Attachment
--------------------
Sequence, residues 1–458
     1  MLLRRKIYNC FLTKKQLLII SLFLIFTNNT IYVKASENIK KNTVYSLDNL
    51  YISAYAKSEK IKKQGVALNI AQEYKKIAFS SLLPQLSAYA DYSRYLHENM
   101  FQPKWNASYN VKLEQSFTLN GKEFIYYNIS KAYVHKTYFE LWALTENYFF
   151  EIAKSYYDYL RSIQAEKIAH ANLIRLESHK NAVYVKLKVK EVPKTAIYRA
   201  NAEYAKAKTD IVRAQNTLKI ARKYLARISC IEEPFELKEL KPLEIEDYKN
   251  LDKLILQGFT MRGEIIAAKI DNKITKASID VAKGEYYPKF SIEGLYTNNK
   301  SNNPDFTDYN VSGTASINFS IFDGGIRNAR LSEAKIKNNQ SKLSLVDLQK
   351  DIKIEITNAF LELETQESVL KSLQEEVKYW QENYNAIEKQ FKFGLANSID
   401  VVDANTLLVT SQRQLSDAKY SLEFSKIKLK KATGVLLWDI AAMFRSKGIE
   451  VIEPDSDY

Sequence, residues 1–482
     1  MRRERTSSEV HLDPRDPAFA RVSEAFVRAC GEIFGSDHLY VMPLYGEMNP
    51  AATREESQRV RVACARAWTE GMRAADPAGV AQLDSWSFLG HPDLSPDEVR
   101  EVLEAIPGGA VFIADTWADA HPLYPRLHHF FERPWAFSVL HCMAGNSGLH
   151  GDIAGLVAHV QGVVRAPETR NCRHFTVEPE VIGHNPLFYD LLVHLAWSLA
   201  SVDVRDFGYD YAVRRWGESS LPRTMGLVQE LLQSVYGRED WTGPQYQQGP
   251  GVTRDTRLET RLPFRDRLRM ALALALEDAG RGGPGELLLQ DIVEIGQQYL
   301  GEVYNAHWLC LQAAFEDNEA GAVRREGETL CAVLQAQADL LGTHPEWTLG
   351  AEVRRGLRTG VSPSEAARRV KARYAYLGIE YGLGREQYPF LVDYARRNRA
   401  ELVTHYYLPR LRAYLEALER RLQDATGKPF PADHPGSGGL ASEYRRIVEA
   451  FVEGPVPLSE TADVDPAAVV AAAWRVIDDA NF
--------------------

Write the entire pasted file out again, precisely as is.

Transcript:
Sequence, residues 1–458
     1  MLLRRKIYNC FLTKKQLLII SLFLIFTNNT IYVKASENIK KNTVYSLDNL
    51  YISAYAKSEK IKKQGVALNI AQEYKKIAFS SLLPQLSAYA DYSRYLHENM
   101  FQPKWNASYN VKLEQSFTLN GKEFIYYNIS KAYVHKTYFE LWALTENYFF
   151  EIAKSYYDYL RSIQAEKIAH ANLIRLESHK NAVYVKLKVK EVPKTAIYRA
   201  NAEYAKAKTD IVRAQNTLKI ARKYLARISC IEEPFELKEL KPLEIEDYKN
   251  LDKLILQGFT MRGEIIAAKI DNKITKASID VAKGEYYPKF SIEGLYTNNK
   301  SNNPDFTDYN VSGTASINFS IFDGGIRNAR LSEAKIKNNQ SKLSLVDLQK
   351  DIKIEITNAF LELETQESVL KSLQEEVKYW QENYNAIEKQ FKFGLANSID
   401  VVDANTLLVT SQRQLSDAKY SLEFSKIKLK KATGVLLWDI AAMFRSKGIE
   451  VIEPDSDY

Sequence, residues 1–482
     1  MRRERTSSEV HLDPRDPAFA RVSEAFVRAC GEIFGSDHLY VMPLYGEMNP
    51  AATREESQRV RVACARAWTE GMRAADPAGV AQLDSWSFLG HPDLSPDEVR
   101  EVLEAIPGGA VFIADTWADA HPLYPRLHHF FERPWAFSVL HCMAGNSGLH
   151  GDIAGLVAHV QGVVRAPETR NCRHFTVEPE VIGHNPLFYD LLVHLAWSLA
   201  SVDVRDFGYD YAVRRWGESS LPRTMGLVQE LLQSVYGRED WTGPQYQQGP
   251  GVTRDTRLET RLPFRDRLRM ALALALEDAG RGGPGELLLQ DIVEIGQQYL
   301  GEVYNAHWLC LQAAFEDNEA GAVRREGETL CAVLQAQADL LGTHPEWTLG
   351  AEVRRGLRTG VSPSEAARRV KARYAYLGIE YGLGREQYPF LVDYARRNRA
   401  ELVTHYYLPR LRAYLEALER RLQDATGKPF PADHPGSGGL ASEYRRIVEA
   451  FVEGPVPLSE TADVDPAAVV AAAWRVIDDA NF